What I expect is for them to come along and defend their record ... Winston Peters Winston Peters has fired back at John Key's claims that he is "expensive" and "not terribly stable".
The resurgent New Zealand First leader, who returned to his former Tauranga stronghold yesterday for a lively address at the party's traditional Red Square rally, is also claiming the Prime Minister had been advised not to make the comments on TV3's Firstline.
Mr Key told the show's presenter Rachel Smalley yesterday: "I think in the end, [Mr Peters] is a very, I think not terribly stable politician in terms of what he actually says he'll do."
He referred to Mr Peters' 2005 statement that he would not accept "the baubles of office".
Mr Key said the next three years would be challenging for the country, "and one thing Winston is is expensive - and every Prime Minister has sacked him so far".
Mr Peters pointed out he ran the lowest portfolio costs of any government minister in the 1990 National Government and the lowest costs of any foreign minister in recent times.
"So that's a criticism based on nothing at all. He's also made comments that I was sacked by every prime minister I worked with - that's a lie."
He also hit back at Mr Key's comments about his "stability", pointing to National's campaign promises of building new hospitals and schools after opting to pay down debt with asset sales.
"Now that's what I call unstable."
Mr Peters said he was not surprised at Mr Key's comments - but refused to elaborate on his claims the Prime Minister had been advised not to talk about him.
Speaking before 250 party faithful in the hot noon sun, Mr Peters questioned why the "teapot tapes" controversy had lead the news when "we've got a global financial crisis like you've never seen and we're up to our necks in debt".
But he repeatedly referred to the tapes, appealing to his mostly elderly audience by saying the tapes would reveal "some people think they are superior to you just because you're going grey".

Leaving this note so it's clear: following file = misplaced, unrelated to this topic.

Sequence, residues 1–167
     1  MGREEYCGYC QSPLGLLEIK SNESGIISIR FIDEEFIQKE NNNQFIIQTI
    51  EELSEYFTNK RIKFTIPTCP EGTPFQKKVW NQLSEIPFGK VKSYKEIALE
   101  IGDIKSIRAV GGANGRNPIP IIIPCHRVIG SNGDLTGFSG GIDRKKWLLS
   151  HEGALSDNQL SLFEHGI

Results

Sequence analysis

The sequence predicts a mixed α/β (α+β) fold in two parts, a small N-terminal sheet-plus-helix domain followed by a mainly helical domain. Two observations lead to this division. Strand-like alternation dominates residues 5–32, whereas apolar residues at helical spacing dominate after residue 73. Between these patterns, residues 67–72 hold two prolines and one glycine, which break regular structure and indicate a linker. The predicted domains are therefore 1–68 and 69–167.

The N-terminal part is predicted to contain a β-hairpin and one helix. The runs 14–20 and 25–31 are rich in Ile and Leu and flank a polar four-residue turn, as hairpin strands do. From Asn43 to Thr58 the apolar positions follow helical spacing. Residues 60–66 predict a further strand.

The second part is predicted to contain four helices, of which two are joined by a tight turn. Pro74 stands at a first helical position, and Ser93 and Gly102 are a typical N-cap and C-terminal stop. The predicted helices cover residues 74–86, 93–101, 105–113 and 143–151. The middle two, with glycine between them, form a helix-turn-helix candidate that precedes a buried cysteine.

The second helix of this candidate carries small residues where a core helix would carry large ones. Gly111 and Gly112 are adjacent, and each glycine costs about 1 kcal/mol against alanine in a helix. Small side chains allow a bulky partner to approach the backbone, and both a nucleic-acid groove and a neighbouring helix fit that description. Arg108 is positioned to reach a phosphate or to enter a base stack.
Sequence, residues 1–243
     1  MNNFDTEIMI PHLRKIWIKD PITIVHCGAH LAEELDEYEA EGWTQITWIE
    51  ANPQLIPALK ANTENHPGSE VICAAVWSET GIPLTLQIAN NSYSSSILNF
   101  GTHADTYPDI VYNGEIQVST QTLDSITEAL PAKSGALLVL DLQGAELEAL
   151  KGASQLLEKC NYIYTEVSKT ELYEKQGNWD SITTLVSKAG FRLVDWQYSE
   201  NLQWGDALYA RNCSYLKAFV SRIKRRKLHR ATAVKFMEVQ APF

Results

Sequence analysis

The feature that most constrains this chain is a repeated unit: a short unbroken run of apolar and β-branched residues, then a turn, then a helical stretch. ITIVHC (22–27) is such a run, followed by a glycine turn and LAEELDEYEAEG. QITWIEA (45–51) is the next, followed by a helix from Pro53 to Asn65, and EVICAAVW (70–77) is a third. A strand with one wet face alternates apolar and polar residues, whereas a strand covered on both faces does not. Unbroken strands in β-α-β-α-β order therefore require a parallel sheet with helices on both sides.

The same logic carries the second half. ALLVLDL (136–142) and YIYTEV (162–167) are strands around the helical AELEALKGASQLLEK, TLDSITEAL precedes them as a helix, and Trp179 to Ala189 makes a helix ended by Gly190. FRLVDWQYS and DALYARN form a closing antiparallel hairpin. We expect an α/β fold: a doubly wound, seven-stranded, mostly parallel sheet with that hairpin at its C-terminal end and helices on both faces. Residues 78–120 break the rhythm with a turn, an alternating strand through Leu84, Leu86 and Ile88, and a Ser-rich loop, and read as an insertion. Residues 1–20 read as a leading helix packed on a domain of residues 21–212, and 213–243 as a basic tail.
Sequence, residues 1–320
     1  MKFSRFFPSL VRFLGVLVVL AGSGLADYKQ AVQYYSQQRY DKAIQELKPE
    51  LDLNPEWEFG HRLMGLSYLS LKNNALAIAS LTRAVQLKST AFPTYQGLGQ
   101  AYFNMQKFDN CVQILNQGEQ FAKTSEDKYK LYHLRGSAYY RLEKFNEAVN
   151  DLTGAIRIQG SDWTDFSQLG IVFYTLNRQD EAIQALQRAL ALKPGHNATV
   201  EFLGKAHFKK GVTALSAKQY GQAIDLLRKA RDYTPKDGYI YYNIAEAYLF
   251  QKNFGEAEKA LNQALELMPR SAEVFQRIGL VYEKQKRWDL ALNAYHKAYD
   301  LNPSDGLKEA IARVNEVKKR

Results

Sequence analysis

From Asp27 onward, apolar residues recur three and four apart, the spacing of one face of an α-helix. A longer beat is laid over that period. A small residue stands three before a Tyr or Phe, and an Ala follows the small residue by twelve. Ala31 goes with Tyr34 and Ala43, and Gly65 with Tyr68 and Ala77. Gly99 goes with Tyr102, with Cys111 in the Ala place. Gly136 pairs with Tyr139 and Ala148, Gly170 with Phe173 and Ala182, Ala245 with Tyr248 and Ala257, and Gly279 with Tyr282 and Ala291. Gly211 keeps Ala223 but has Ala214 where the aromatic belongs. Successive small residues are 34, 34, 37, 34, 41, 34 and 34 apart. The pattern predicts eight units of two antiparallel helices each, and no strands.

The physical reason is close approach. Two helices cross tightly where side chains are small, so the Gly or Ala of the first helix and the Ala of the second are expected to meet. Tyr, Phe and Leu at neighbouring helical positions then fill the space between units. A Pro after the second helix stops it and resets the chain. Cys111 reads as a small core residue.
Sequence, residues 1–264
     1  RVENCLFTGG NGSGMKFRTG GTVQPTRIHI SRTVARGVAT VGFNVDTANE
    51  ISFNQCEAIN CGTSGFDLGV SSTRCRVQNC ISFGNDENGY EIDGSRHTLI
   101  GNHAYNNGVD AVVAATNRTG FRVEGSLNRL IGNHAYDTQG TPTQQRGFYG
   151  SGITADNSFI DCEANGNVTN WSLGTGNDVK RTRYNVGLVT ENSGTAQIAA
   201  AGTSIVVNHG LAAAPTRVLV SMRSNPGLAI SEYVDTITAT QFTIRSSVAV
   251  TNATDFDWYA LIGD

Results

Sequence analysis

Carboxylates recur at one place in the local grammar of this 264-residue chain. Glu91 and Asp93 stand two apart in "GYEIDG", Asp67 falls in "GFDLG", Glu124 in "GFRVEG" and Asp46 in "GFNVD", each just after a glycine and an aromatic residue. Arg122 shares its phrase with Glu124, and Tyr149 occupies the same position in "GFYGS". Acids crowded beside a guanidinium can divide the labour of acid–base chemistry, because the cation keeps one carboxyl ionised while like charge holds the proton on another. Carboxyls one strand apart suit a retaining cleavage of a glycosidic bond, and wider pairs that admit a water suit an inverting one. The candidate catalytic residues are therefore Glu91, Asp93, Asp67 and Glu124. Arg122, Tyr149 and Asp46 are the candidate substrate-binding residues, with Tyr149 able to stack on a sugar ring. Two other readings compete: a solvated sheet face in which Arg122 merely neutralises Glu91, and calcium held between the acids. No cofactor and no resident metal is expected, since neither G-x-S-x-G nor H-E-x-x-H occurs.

He also attacked the Bay of Plenty's National MPs for missing local candidates' meetings.
"There have been candidates' meetings, but the local MPs not turning up to them," he said, referring to Tauranga incumbent Simon Bridges.
"What I expect is for them to come along and defend their record - if they've got one to defend."
He drew on his seven terms in the Tauranga seat, saying there were "more roads around here than the alphabet" when he first claimed the electorate in 1984, and in another swipe at Mr Bridges, quipped: "We all know that in my time in Tauranga, before I arrived there was no bridge and when I left, there were two ... in fact three."
His characteristically spirited half-hour speech canvassed the party's core stances, including its opposition to the sale of state assets and prime farms to foreigners and other parties' "separatist policies", singling out social services and health programme Whanau Ora and the Marine and Coastal Area Act.
With a Roy Morgan poll released on Friday showing NZ First edging toward the 5 per cent MMP threshold with 4.5 per cent of the vote, the ousted party could reclaim a presence in Parliament.
Supporter Charlie Carson thought the party's chances of returning to Parliament were "very good".
Former Tauranga Mayor Noel Pope believed the country "needs New Zealand First".
"It's just a damn shame that politics in their philosophies, rather than their practicalities, are having such a big effect on everybody."